(E,p)(E,-p) What pushes on a scale?

1. May 7, 2008

Phrak

You hold in the palm of your hand a classical particle with momentum

$$P = (E,cp_{x},cp_{y}, cp_{up})$$ where $$cp_{up}=0$$ .

Placing it gently on a scale you ask, what part of

$$P = (E,cp_{x},cp_{y}, cp_{up})$$

is pushing down on the scale?

2. May 7, 2008

lbrits

Usually you weigh particles in their rest frame, otherwise they move around too much =) In that case, you are measuring the first component of $$P$$.

You might consider the following: A gas of such non-interacting particles, in a box. The average 4-momentum of the fluid is then $$\left\langle P \right\rangle = ( \left\langle E \right\rangle, 0, 0, 0)$$, so the mass if the gas is going to be $$\left\langle E\right\rangle$$.

3. May 8, 2008

Phrak

What if the momentum is non-zero?

Last edited: May 8, 2008
4. May 8, 2008

lbrits

Then it won't be in the palm of your hand for very long.

5. May 8, 2008

Phrak

OK, so backing up a little, in everyday life, where things sit still on a scale.

$$\langle P \rangle ^2 = m^2 = E^2/c^4 - p^2/c^2$$, defining m after some units adjustment, and obtaining your equation when $$p=0$$ .

Under restricted conditions, m is what could be called gravitational mass.

But I think you misunderstand me; I really don't know what the general solution is.

I can guess halfway through it. Using the equivalence principle, the problem is equivalent to asking what resists acceleration a_z, by a force f_z, in the lab frame. So I might guess that it involves the 4-vectors of force and acceleration, whatever they are. Do you think so?

Last edited: May 8, 2008
6. May 8, 2008

lbrits

I have some notes which might help:

http://www.physics.thetangentbundle.net/wiki/Special_relativity/force [Broken]
http://www.physics.thetangentbundle.net/wiki/Special_relativity/motion_under_constant_force [Broken]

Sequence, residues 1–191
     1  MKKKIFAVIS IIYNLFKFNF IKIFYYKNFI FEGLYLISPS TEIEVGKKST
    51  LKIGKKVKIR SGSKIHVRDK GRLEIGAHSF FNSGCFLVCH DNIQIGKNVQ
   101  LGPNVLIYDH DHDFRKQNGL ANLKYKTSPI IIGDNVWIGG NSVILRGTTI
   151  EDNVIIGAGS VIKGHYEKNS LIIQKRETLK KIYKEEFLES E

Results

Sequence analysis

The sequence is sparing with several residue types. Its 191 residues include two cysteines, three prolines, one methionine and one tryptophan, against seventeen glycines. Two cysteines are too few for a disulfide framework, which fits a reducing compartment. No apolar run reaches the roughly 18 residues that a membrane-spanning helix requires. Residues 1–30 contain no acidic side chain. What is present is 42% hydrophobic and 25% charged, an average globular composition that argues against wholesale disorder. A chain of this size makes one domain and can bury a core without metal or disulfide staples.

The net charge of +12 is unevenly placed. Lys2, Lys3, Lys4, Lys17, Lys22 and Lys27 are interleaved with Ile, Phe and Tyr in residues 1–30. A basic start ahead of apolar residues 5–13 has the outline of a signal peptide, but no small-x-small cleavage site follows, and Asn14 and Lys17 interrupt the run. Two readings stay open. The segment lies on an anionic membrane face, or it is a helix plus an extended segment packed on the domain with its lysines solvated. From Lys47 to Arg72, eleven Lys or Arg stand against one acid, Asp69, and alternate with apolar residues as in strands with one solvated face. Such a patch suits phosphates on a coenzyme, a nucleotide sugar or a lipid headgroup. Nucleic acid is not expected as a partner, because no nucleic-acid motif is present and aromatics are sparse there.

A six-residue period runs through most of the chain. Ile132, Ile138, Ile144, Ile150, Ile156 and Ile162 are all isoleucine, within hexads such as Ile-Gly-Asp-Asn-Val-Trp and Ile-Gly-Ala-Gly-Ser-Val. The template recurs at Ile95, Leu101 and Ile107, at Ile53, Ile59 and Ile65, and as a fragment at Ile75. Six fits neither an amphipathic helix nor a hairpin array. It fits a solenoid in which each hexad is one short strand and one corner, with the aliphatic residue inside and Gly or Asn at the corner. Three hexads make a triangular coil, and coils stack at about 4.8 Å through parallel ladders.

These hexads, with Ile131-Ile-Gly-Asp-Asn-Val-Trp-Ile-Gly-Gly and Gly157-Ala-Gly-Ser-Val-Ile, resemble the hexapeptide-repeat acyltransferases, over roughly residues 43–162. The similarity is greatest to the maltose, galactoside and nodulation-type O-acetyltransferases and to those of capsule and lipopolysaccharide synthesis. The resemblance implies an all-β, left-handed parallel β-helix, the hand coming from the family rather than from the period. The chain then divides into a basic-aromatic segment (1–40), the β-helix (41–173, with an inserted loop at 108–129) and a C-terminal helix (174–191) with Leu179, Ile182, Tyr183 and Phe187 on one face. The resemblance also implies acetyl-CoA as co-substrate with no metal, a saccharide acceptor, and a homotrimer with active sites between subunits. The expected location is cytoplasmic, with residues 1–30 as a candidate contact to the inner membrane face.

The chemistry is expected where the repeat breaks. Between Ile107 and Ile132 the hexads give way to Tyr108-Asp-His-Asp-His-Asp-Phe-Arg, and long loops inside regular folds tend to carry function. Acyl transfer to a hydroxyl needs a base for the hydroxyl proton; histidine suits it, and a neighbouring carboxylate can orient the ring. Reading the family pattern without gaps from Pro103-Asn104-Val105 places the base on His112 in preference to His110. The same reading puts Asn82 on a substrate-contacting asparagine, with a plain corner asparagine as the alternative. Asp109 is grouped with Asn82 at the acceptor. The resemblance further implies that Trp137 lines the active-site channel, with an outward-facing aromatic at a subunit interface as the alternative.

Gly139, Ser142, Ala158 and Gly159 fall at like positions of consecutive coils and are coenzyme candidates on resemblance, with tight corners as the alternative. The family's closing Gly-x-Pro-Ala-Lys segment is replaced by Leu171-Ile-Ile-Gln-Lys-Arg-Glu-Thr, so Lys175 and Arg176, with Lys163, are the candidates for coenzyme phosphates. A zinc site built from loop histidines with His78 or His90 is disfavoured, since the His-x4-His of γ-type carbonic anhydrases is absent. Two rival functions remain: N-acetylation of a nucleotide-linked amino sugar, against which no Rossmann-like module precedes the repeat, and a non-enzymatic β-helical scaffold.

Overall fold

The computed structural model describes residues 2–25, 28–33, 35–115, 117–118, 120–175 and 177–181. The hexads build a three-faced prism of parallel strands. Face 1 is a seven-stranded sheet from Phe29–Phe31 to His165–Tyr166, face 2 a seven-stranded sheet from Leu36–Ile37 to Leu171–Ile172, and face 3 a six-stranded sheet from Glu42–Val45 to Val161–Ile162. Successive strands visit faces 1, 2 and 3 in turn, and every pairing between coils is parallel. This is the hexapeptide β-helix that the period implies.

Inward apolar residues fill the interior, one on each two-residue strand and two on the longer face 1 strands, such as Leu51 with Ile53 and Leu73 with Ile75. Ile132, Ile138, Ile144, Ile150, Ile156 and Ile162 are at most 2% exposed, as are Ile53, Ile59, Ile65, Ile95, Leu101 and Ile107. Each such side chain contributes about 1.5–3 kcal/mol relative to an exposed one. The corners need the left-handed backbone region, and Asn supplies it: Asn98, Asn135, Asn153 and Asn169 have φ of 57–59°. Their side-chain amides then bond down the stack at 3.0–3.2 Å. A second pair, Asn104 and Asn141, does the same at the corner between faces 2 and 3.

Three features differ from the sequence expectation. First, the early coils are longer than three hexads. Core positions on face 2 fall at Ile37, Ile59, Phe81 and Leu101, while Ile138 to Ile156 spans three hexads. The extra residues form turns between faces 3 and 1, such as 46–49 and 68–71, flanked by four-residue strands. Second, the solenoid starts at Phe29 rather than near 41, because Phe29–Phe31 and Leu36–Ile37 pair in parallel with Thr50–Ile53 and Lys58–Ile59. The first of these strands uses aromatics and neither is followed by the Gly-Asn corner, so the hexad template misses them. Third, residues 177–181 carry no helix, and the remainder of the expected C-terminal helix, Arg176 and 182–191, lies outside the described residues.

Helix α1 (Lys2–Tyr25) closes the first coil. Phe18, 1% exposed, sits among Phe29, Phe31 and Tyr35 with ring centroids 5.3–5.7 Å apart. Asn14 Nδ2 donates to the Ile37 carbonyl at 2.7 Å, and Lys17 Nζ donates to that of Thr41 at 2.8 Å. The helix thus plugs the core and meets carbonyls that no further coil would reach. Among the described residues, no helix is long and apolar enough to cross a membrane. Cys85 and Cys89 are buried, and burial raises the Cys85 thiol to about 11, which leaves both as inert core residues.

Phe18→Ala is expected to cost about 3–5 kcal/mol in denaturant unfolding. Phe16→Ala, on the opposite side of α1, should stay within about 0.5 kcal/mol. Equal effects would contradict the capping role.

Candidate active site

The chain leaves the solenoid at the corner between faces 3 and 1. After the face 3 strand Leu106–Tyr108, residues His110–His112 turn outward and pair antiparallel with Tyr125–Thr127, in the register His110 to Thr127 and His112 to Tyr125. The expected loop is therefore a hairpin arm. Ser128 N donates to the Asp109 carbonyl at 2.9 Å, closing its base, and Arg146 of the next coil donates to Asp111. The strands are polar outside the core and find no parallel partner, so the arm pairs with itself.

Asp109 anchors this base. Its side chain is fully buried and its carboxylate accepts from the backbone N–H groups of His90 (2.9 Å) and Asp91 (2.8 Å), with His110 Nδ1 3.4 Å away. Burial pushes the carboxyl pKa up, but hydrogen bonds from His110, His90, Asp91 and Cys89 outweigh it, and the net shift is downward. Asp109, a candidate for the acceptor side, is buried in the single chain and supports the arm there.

The "3-force" is what the experimenter applies to the object. The measurement on the scale, if you will.

Last edited by a moderator: May 3, 2017
7. May 8, 2008

Staff: Mentor

I would say that neither E nor p push on the scale. Instead, the scale pushes on the particle and measures the force with which it pushes.

8. May 8, 2008

Phrak

You've got a point Dale. If the scale acts with Fz in the lab frame, what dv/dt, in either frame, does the particle have?

9. May 8, 2008

lbrits

A quick perusal of the links I gave would show that the answer to that question is
$$\vec{f} = \frac{1}{\gamma} \frac{d^2 \vec{x} }{d\tau^2} = \frac{1}{\gamma} \frac{d}{d\tau} \left( \gamma \frac{d\vec{x}}{dt} \right) = \frac{d}{dt} \left( \gamma \frac{d\vec{x}}{dt} \right)$$

Cmon people... no need for spoon feeding.

10. May 8, 2008

Phrak

lol, lbrits. I need spoon feeding. To be honest, the equations in those links were pretty haphazardly done, but for review purposes. The deductive chain was obscure.

11. May 8, 2008

lbrits

The first link assumes basic familiarity with SR, but I've tried to make it more self contained. Thanks.

12. May 8, 2008

Phrak

Sorry, I didn't know you wrote it. I hope you can take it as constructive criticism from someone who hasn't delt with SR in a while, and didn't devote a great deal of time reading it. To be fair, I've been involved in another persuit that takes up what little brain power my wee brain can handle.

13. May 9, 2008

Staff: Mentor

Since you are already starting with the http://en.wikipedia.org/wiki/Four-momentum" [Broken] is simply dp/dtau.

Last edited by a moderator: May 3, 2017